With all survivors who have orientation deficits following injury, the more orientation aids (such as calendars, clocks, and planners) that are accessible, the better they will perform.
Overall, survivors and their loved ones should expect that if orientation was already a difficulty, the switch to the new year will likely bring greater disorientation. They should prepare by using calendars, reminders, and other orientation aids to help the survivors make a smooth transition to the new year.
Following a traumatic brain injury (TBI), the first question patients ask is…How long will recovery take? And what can I do to give myself the best recovery possible?
Recovery is a challenging period. Oftentimes, it’s dependent on time, rest, and therapy. However, there are several strategies you can use to help yourself return to the activities you enjoy.
Each of the following tips is important to your recovery. And when you make an effort to practice all five together, you will see the best results.
No matter what we experience – whether that be a cold, a broken bone, or traumatic brain injury – it’s natural to want our recovery to happen as fast as possible.
But learning how to be patient with yourself is the most valuable skill you can practice during recovery. This is especially true when it comes to TBI recovery.
It’s frustrating when progress doesn’t happen as quickly as you’d prefer. However, those frustrating feelings do not serve your recovery. And you’re worth all the effort you’re putting in!
Try to remain as patient and optimistic about your recovery as possible. Celebrate each win. And give yourself grace for the aspects of recovery that aren’t happening as quickly as you’d like.
Recovery will happen much faster and far more easily!
As with any skill, sport, musical instrument, or language, practicing your therapy exercises is important. Practice the best habits that you can, like sleeping and waking up at the same time.
The best part about practice is that no matter what you’re practicing, the end result does not have to be perfect.
We are all a work in progress – no one is perfect. And more often than not, each of us is working on being our best selves each and every day.
Plateaus will come. You might feel as if you’ve gone as far as you can during these moments. Regardless, keep practicing and putting in the effort. This is what will keep your recovery moving forward on the road to success.
Since 1982, Moody Neuro has been offering TBI patients the recovery support they need to live fully once more. Contact us today to learn about our rehabilitation services.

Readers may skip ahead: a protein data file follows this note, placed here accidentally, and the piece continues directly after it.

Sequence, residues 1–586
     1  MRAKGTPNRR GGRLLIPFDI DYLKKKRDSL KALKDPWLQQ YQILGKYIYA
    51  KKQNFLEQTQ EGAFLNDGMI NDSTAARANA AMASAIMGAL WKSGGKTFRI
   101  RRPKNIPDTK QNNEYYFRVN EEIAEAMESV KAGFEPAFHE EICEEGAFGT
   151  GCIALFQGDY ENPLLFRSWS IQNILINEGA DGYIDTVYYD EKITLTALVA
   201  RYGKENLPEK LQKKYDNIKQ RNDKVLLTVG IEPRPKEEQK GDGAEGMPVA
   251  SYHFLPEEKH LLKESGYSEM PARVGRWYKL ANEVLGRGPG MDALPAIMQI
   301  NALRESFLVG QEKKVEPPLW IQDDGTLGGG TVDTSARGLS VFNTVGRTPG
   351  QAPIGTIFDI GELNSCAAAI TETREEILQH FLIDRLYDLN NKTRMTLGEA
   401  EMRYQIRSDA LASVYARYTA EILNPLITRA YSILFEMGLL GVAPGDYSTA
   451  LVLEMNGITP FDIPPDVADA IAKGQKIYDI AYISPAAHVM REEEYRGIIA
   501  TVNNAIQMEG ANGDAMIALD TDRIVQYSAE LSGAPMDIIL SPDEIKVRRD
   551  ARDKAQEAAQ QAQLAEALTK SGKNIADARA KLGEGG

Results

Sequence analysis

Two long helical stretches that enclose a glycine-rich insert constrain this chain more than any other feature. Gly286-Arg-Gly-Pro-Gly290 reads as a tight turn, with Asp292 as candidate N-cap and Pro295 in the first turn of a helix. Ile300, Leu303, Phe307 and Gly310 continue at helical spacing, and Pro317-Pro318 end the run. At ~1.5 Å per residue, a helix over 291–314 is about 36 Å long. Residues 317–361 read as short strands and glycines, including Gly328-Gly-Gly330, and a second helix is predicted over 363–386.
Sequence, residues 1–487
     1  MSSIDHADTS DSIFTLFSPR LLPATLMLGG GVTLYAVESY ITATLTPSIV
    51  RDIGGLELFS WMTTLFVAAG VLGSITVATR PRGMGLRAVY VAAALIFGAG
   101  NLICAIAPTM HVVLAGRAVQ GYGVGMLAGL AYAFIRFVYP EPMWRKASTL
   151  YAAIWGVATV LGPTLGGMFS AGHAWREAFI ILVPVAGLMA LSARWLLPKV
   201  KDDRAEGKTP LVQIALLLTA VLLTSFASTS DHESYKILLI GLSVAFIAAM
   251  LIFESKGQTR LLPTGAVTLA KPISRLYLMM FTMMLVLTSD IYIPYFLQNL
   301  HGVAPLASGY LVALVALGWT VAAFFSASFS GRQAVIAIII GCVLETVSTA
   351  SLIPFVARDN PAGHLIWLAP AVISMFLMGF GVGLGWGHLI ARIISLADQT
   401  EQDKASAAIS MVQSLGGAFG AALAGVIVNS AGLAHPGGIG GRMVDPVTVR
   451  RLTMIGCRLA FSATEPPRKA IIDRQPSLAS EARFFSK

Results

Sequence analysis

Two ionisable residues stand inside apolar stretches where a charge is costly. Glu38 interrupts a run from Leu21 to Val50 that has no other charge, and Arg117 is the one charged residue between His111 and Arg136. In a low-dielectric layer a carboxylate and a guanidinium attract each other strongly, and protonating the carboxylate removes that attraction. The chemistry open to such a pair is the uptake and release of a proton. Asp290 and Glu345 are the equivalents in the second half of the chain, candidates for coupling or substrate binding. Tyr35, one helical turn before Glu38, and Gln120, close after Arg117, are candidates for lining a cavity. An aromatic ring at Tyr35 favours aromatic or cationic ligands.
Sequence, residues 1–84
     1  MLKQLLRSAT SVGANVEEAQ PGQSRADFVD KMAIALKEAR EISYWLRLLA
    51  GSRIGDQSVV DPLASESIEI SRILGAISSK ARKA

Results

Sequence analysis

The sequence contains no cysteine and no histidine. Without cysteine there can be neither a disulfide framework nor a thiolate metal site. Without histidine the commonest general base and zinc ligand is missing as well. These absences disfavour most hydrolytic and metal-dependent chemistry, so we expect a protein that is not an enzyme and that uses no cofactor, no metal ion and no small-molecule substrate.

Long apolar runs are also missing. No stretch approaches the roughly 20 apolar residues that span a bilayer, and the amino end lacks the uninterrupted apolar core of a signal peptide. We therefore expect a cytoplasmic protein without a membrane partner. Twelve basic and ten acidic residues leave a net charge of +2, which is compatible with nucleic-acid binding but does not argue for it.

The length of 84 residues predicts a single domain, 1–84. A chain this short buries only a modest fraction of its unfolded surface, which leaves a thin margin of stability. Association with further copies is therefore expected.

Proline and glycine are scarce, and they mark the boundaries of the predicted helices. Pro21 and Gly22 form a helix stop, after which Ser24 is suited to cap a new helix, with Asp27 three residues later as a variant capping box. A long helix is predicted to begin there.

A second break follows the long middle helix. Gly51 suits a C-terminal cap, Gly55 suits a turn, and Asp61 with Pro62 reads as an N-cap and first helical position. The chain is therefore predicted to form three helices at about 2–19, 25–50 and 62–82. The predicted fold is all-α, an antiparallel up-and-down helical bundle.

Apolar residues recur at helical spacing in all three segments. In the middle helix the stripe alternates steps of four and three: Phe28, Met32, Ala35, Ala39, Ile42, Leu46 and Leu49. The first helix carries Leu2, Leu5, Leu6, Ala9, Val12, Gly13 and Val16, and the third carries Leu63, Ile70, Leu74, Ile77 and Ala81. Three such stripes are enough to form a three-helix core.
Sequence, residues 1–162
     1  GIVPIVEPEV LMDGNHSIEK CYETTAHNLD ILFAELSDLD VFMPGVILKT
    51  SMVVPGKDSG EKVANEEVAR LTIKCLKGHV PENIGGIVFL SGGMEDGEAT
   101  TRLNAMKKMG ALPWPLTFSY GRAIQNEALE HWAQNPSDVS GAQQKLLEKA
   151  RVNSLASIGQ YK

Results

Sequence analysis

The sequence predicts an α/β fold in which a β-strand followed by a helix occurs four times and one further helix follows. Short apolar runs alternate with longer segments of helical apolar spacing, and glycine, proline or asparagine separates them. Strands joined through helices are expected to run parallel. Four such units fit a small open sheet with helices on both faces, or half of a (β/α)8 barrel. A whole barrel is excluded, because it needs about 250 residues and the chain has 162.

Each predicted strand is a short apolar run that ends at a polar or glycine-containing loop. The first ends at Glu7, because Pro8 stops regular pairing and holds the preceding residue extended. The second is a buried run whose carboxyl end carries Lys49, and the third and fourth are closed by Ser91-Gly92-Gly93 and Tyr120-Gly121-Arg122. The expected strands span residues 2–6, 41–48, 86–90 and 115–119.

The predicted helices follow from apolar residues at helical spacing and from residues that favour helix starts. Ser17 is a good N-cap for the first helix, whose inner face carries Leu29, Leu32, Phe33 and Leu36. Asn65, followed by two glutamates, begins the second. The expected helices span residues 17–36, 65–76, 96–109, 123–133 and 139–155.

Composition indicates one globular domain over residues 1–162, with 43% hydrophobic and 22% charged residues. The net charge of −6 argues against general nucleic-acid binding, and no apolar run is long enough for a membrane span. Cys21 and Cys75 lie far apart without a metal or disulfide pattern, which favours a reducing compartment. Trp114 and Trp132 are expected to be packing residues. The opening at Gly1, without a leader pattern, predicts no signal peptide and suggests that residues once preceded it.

Are you familiar with the term “mindfulness”? It’s a way of engaging in activities that encourage you to bring your complete focus to whatever it is that you’re doing.
Brushing your teeth? Try to pay attention to how you’re moving the brush. Listening to music? See if you can hear notes or sounds you haven’t heard before.
The idea is that by focusing only on the activity, you can step outside of the overwhelming emotions recovery can bring. Furthermore, mindfulness can help lower anxiety and stress and increase your concentration.
When you first begin the recovery process, you may want to push yourself to do as much as possible. And while it’s incredibly helpful to remain enthusiastic and eager to do what’s necessary for recovery, knowing when to rest is just as important.
Don’t overdo it! Some things may take more time than they used to, and that’s okay.
Because when you try to do too much and ignore your body’s signals, you can actually hinder your recovery.
Moody Neuro offers a wide range of therapeutic services to help you in your recovery. Connect with us, and we’ll begin exploring the best recovery plan for you.
The best support is crucial to your recovery following a TBI. From family member caregivers to physical therapists and doctors, recovery is most helpful when you’re surrounded by people who want to help you accomplish your goals.
Either way, lean into your support network often. These are the people who care about you and your recovery.
Moody Neurorehabilitation offers highly personalized patient care for those recovering from TBI. We understand your goal is to return to your life and the community. So we are dedicated to helping you recover safely and on a timeline that works for you. Together, we can help you achieve your rehabilitation goals with a strong support network. Contact us today to learn more.